Way, way back long ago, I remember that the only reason I ever got cable in the first place was because I was excited about The Food Network – and I loved it then.  Almost every program on it was instructional – and then there was Alton Brown’s, “Good Eats”!  That program was, and still is, a superbly excellent program in every way – and given its popularity, I’m amazed that The Food Network has never built on that basic concept – all they’ve managed to do is to shrink it annually until it doesn’t seem to be even made any longer.  I guess they couldn’t figure out how to make it into a competition.

Perhaps I’m a bit unique, but from my perspective, where The Food Network went wrong was in gearing ALL their programming to the “20 somethings” – as soon as they did that, their approach switched from educational to entertainment.  I for one was not willing to give up instruction in favor of Reality TV and 12 hours a day of “competition” programming.  I’m not saying that this approach failed, if they wanted to draw a young audience, they did fine.  But they lost me!

Now what we hear from Scripps is that they still want to appeal to the 20 somethings, but specifically, those among that group who may be more interested in cooking itself.  I think this is a recipe for failure guys – Personally, I think Scripps had it right when they assumed that for 20 somethings, food was a tool for socializing and entertainment – who that age has time enough to actually cook?

Something for everyone's kitchen! (photo courtesy of The Cooking Channel)

What would I like to see on The Cooking Channel?  Frankly, I’d love to see just what they suggest they’re going to program, but I’d like to see that programming geared to cooks who maybe had a stronger interest in the kitchen, and had the time to actually cook there – like older folks.

This whole thing may be a self-correcting problem, once the ratings begin to show – that’s my suspicion anyway.  If I’m wrong, I’ll apologize.  But I don’t think I’ll have to.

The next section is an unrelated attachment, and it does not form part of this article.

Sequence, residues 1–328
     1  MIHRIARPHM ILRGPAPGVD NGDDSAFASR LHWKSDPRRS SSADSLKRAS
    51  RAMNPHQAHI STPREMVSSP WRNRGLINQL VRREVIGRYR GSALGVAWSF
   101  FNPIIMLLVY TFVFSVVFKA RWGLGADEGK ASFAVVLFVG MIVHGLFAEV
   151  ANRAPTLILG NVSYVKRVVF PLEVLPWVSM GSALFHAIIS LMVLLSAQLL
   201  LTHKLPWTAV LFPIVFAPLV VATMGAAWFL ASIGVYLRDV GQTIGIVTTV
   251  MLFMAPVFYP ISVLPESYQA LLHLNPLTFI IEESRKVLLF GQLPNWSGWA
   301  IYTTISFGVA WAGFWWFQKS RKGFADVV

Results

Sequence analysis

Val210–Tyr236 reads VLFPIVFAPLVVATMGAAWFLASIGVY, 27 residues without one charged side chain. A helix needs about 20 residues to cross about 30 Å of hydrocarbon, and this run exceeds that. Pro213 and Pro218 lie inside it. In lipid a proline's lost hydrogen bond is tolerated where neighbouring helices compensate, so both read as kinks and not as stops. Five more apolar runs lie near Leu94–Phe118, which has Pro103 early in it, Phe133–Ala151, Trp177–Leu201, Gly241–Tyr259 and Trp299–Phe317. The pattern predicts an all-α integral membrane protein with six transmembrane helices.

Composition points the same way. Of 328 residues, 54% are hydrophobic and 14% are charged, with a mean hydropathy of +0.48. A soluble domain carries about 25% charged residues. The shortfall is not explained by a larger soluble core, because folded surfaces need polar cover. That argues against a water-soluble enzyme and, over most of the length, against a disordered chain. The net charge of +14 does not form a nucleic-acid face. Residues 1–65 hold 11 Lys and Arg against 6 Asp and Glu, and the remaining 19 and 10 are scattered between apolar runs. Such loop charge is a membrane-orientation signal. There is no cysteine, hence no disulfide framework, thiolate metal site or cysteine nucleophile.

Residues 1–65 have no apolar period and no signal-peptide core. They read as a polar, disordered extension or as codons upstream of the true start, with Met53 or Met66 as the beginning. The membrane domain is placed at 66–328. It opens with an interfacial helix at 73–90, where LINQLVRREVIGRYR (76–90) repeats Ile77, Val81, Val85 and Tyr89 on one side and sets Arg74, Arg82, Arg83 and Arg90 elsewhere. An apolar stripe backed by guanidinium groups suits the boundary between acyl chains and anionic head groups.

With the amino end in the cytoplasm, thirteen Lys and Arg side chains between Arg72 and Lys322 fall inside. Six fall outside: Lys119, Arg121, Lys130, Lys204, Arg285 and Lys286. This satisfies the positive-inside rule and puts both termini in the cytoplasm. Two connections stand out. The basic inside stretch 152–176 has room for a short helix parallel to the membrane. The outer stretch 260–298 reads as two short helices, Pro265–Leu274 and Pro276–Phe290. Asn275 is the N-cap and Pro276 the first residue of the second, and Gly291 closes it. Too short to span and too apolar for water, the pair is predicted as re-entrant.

About drfugawe

I'm a guy with enough time to do as I please, and that my resources allow. The problem(s) are: I have 100s of interests; I have a short attention span; I have instant expectations; I'm lazy; and I'm broke. But I'm OK with all that, 'cause otherwise I'd be so busy, I'd be dead in a year.
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2 Responses to The Doc’s Quick and Dirty Observations

  1. Mimi says:

    I read this post earlier today, clicked on the fresh loaf link, got offerred a lunch out to a Vietnamese restaurant became ADD and then never came back to comment.

    The bread is interesting. This may have to be my next loaf. I made Susan’s Semolina with currant, pine nuts and fennel seeds this week. Man, she is an awesome baker!!

    I wish we had more food carts here. We mostly have what is affectionately termed “roach coaches” here. Most of them are taco trucks now, which is an upgrade. They used to sell hamburgers and hot dogs. We now have one called the burger bus. They are selling grass fed beef burgers, homemade fries and onion rings and falafel made from scratch. They are putting the rent savings back into the ingredients and selling the food for the same price as a regular restaurant. I wanted to love the food but it seemed greasier than I prefer. It’s such a good idea though. They converted an old school bus for their kitchen and burn biodiesel.

    Instructional shows can still be found on food network, but I don’t always like the personalities who host the shows. Maybe we should both start defecting to PBS. I think they still have cooking shows.

  2. drfugawe says:

    Hey Mimi,
    Re. PBS, I think it depends a lot on your local PBS – ours in out of Portland and they tend to do a certain show for sev months, and then it disappears! ????

    I really am learning a lot while playing with that 1,2,3 Bread – with my starter waste, I make exactly one loaf at a time – and it gives me the chance to change just one small thing between bakings – but it still gives me way too much bread!
    But it’s fun and I’m still learning.